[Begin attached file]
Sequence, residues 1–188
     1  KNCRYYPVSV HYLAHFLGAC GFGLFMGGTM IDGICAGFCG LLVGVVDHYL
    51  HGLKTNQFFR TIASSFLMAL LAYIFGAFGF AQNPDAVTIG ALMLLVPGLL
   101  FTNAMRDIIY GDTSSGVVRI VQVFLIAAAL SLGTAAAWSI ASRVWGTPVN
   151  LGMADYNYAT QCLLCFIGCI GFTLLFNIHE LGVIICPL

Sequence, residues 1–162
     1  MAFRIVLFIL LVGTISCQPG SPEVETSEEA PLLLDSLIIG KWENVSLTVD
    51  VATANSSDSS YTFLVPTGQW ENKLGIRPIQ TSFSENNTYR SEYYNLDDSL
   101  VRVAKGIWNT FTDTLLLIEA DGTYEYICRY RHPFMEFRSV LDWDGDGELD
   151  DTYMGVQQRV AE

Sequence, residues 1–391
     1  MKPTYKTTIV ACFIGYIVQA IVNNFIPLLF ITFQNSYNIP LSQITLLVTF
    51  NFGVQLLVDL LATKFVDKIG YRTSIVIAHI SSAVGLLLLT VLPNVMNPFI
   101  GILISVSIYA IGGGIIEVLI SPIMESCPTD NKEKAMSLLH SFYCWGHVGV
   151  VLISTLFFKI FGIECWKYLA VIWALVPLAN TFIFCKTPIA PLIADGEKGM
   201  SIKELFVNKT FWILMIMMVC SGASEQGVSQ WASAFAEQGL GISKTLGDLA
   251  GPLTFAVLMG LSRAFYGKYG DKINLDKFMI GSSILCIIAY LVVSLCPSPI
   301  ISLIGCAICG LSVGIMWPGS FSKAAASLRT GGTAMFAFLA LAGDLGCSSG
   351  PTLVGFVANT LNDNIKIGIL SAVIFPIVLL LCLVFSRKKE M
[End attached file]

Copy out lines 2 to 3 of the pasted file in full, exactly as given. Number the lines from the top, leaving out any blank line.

     1  KNCRYYPVSV HYLAHFLGAC GFGLFMGGTM IDGICAGFCG LLVGVVDHYL
    51  HGLKTNQFFR TIASSFLMAL LAYIFGAFGF AQNPDAVTIG ALMLLVPGLL